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Viral pictures of 2 newly orphaned infants become latest symbols of the tragedy in Kashmir

Riyaz Wani | Updated on: 22 December 2017, 18:10 IST

Two poignant images of newly-orphaned infants are doing the rounds on the social media in Kashmir and they are breaking everybody’s heart. Their mothers were recently killed during encounters between the militants and the security forces, one in North and another in South Kashmir.

Together the images have become the latest symbols of the tragedy in Kashmir. One of them, six-month-old Maryam Jan is from Handwara. In the picture taken during Maryam's mother Misra Bano’s funeral, Jan’s eyes are brimming over with tears and her face is contorted into a heart-rending expression of pain as if she were conscious of her monumental loss.

The other picture is that of 10-month-old Zaira from Shopian. In it, she is calmly suckling on the feeder as a boy holds her in his lap, crying inconsolably. This picture was also taken at the time her mother Ruby Jan’s funeral was being readied.

Bano was killed on 11 December when she and the four other members of her family got trapped in the house along with the militants at Yunso village in Handwara. She was hit by bullets while trying to escape and subsequently died. The three militants were also killed later.

And Jan was killed on 19 December when security forces fired at the protesters trying to help the two trapped militants escape at village Wanipora in Shopian. Jan was allegedly a part of the protest. The two militants, one a local and another a Pakistani, who belonged to Jaish-e-Mohammad were also killed.

However, Jan’s family disputes the claim. They say, she was not a part of the protest but inside the house and was killed once she opened the window during the encounter to see what was happening.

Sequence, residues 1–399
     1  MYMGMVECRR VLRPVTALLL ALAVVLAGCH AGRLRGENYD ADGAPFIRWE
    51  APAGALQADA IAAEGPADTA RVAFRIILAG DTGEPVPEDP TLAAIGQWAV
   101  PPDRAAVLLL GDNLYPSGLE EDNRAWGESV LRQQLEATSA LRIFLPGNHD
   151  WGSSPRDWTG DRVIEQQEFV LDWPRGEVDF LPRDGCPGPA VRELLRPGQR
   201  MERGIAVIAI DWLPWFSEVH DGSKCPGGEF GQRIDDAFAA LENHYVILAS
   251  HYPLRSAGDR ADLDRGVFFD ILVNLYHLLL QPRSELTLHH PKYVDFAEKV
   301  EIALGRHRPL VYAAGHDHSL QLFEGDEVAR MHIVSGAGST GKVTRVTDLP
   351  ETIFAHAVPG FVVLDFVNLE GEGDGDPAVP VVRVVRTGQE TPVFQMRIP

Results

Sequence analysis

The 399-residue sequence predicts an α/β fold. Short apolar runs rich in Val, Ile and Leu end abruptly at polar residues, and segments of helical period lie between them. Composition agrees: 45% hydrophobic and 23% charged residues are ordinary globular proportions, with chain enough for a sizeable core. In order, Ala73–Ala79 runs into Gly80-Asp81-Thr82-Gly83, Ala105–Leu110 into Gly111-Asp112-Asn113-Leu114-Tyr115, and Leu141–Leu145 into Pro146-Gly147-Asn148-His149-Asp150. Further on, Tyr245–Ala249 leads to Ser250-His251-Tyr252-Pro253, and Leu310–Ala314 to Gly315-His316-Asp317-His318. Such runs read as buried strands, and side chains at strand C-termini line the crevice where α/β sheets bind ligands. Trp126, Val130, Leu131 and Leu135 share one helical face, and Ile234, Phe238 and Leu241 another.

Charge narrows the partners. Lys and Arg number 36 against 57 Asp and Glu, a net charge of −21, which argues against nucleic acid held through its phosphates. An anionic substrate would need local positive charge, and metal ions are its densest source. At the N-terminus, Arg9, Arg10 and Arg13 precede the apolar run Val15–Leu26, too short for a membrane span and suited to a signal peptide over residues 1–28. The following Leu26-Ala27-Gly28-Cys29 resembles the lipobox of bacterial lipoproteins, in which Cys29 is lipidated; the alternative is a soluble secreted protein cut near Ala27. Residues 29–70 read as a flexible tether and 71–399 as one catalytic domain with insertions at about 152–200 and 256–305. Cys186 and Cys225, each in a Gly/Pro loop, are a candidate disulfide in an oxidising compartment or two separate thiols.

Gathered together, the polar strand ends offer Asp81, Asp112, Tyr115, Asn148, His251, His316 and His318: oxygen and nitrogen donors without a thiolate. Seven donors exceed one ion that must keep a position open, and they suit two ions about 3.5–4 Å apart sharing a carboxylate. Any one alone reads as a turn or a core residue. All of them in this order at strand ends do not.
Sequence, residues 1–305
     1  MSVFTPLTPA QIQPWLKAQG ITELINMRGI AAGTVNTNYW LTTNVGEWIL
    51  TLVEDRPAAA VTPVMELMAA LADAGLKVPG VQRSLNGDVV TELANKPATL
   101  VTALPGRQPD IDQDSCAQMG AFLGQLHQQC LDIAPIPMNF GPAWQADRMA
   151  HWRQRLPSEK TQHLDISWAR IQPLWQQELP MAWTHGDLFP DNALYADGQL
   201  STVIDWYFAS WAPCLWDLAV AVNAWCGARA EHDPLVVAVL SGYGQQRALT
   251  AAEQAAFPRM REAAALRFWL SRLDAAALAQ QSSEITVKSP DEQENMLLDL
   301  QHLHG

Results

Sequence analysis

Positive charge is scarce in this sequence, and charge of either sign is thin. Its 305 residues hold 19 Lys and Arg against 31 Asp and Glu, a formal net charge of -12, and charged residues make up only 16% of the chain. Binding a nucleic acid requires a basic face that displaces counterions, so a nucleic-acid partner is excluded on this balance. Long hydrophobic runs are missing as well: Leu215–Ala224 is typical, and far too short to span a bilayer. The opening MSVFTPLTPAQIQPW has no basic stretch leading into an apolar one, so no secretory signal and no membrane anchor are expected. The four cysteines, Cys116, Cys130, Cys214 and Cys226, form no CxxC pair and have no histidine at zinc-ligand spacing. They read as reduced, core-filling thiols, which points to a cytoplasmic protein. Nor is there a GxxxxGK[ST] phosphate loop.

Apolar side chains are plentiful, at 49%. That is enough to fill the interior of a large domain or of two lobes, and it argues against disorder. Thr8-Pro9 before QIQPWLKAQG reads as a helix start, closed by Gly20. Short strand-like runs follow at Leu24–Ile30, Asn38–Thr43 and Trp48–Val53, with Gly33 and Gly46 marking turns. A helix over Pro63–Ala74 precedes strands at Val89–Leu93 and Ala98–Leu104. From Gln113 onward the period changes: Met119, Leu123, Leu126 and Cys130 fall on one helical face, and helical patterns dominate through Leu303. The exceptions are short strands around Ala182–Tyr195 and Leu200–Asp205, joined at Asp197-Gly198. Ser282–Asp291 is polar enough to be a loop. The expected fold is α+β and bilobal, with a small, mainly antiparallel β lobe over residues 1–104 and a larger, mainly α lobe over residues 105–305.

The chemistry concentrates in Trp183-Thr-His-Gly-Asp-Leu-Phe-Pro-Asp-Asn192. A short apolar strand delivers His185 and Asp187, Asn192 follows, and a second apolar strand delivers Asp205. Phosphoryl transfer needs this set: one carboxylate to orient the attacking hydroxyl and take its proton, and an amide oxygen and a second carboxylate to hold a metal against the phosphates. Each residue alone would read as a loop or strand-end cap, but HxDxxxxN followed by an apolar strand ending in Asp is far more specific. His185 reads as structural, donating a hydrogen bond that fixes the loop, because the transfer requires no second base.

According to an estimate, at least 29 civilians have been killed at encounter sites in Kashmir over the last two years. The number is huge if we consider that the number of the civilians killed in militancy-related violence over the period is 52.

The J&K Police argues that the killings take place when people continue to ignore the security advisory that requires them to not disrupt anti-militancy operations.

Early this year even the Army chief, General Bipin Rawat, had warned people that stern action would be taken should they continue to disrupt security operations.

“Those who obstruct our operations and are not supportive will be treated as over-ground workers of terrorists,” General Rawat had said in what became a very contentious statement.

But such warnings have made a little difference to the state of affairs. Despite security forces killing more than 200 militants this year, the people continue to rush to the rescue of the trapped militants and in the process, many civilians lose their lives.

Ruby Jan was one of them, while Bano happened to get caught up with the militants in the same house.

But for the pictures of their babies, the two would have died an obscure, statistical death much like the thousands of others before them. Their deaths are now being widely mourned including even by the Chief Minister Mehbooba Mufti.

The National Conference leader Junaid Azim Mattu tweeted about Zaira:

The environmentalist Athar Parvaiz in his tweet juxtaposed the picture of the two infants with that of the sister of a passenger vehicle driver Asif Iqbal who was killed at Kralpora, Kupwara on 17 December when the forces mistook him for a militant. Iqbal was shot dead when he left his home to ferry an ailing neighbour to the hospital.

However, the condemnations and the grief over the killings in Kashmir are generally criticised for being selective and politically convenient in nature. The public outrage generated by the civilian killings is disproportionately more than the one over those of the mainstream political workers.

On the other hand, killings of the security personnel is generally seen as par for the course. In contrast, militant killings are not only widely mourned but people also put their own lives at risk in an attempt to rescue them once they are tracked down by the security forces.

“This is the reality of Kashmir. More than underlining any selectivity in grieving, it articulates where the sentiment and the political aspirations of the people lie,” says the columnist Naseer Ahmad.

“There is a vertical political divide in Kashmir. On one side is the establishment and on the other side are the majority of the people,” Ahmad points out.

First published: 22 December 2017, 18:10 IST